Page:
Is it possible to elaborate at all on why they'd be particularly good fits for individual donors? I imagine in many cases the answer is a bit sensitive as to why OP may prefer to fund an org more but the org itself may prefer not to be funded by OP more but instead funded by individual donors. And I certainly can use my own private information to make some of those guesses. But reading this list it's actually pretty hard to tell what is going on.

Thanks for the interesting recommendations.

I've realized post writing this may be a bit nitpicky but leaving it up for now ..

As usual maybe I'm missing something obvious, but it seems a little strange to me that an institution should post recommendations from staff. Why should I put any more weight on a recommendation from an OpenPhil staff rather than any other EA person who had thought a lot about this?

My initial feelings are that I would prefer

  1. Staff to post individually their ideas as themselves independently (or semi independently) of their org.

  2. Follow the CEA lead where each individual staff posted where they donated their money and a little on why. I really liked this format as it showed both skin in the game and a diverse range of perspectives.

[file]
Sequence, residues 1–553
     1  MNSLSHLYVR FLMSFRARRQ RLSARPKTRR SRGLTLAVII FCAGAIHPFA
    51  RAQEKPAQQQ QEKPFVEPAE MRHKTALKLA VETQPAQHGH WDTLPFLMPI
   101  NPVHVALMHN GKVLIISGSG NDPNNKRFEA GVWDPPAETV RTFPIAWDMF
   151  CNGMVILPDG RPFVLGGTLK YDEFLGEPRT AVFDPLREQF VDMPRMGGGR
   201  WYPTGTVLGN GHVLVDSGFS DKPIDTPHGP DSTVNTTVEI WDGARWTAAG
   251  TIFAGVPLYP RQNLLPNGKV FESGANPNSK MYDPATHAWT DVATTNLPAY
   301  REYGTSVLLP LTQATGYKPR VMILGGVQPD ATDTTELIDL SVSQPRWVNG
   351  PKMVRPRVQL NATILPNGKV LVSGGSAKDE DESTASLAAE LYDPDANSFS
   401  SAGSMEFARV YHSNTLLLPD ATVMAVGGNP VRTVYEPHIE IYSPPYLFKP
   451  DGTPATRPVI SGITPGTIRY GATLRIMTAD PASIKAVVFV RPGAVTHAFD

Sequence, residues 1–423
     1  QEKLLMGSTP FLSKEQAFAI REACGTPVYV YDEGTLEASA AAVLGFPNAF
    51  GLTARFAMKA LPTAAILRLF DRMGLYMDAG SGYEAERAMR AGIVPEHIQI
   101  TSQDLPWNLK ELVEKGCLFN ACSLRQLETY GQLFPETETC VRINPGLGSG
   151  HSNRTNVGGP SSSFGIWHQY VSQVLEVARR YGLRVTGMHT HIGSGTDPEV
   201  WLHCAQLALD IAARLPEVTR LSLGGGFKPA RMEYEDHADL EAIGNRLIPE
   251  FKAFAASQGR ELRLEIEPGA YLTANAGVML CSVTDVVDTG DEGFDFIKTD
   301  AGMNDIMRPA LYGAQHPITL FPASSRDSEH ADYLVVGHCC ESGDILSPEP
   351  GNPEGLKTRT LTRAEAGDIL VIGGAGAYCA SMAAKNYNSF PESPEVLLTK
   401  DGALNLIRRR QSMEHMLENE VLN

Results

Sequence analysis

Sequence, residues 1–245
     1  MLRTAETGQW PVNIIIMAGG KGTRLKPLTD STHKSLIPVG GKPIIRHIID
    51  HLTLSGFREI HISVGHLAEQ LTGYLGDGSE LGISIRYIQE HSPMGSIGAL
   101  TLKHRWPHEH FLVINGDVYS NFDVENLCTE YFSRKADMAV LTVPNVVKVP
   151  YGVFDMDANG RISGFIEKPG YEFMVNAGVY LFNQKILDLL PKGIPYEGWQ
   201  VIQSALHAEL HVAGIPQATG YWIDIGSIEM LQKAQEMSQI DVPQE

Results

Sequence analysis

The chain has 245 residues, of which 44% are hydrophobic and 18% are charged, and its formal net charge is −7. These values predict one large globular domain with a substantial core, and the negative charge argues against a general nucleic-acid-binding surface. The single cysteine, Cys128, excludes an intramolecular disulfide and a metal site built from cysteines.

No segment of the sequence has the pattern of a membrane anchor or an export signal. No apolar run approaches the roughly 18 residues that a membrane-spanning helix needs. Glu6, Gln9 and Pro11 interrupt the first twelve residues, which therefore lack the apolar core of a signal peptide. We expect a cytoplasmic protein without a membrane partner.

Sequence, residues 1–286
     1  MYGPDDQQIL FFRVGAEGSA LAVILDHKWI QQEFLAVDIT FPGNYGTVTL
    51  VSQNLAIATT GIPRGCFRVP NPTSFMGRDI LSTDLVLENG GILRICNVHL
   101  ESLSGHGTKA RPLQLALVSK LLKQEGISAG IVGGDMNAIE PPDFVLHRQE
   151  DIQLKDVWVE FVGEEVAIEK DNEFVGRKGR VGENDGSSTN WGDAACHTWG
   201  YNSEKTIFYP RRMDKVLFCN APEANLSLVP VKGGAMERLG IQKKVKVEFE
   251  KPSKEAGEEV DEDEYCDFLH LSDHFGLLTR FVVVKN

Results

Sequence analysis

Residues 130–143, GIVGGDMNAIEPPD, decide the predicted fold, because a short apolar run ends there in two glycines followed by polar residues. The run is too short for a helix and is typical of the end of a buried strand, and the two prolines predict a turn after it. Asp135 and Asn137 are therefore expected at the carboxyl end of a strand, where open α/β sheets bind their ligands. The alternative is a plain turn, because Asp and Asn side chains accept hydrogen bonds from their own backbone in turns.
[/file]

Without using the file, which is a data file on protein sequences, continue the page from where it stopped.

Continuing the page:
EDIT: have realized this post isn't so different from that.

I suppose I'm asking what's the benefit of this format over individual recommendations?

I'm an OP staffer who helped to put the post together. Thanks for the nitpicks!

I suppose I'm asking what's the benefit of this format over individual recommendations?

I see the main benefit as convenience. If I'd asked OP staff to write individual Forum posts, I'd have gotten less interest than I did with "send me a few sentences and you can be part of a larger post". Writing an entire post is a bigger hurdle, and I think some people would feel weird writing a post just a few sentences long (even if the alternative was "no post").

Why should I put any more weight on a recommendation from an OpenPhil staff rather than any other EA person who had thought a lot about this?

I don't necessarily think you should.

But I personally put at least moderate weight on recommendations from people in research roles who’ve thought a lot about an issue, inside or outside of OP. (I like the GiveWell “where our people give” posts for the same reason!) I wish we had more charity recommendations from such people. And at OP, we’ve heard from enough people who find these posts valuable that we thought it was worth putting another one together.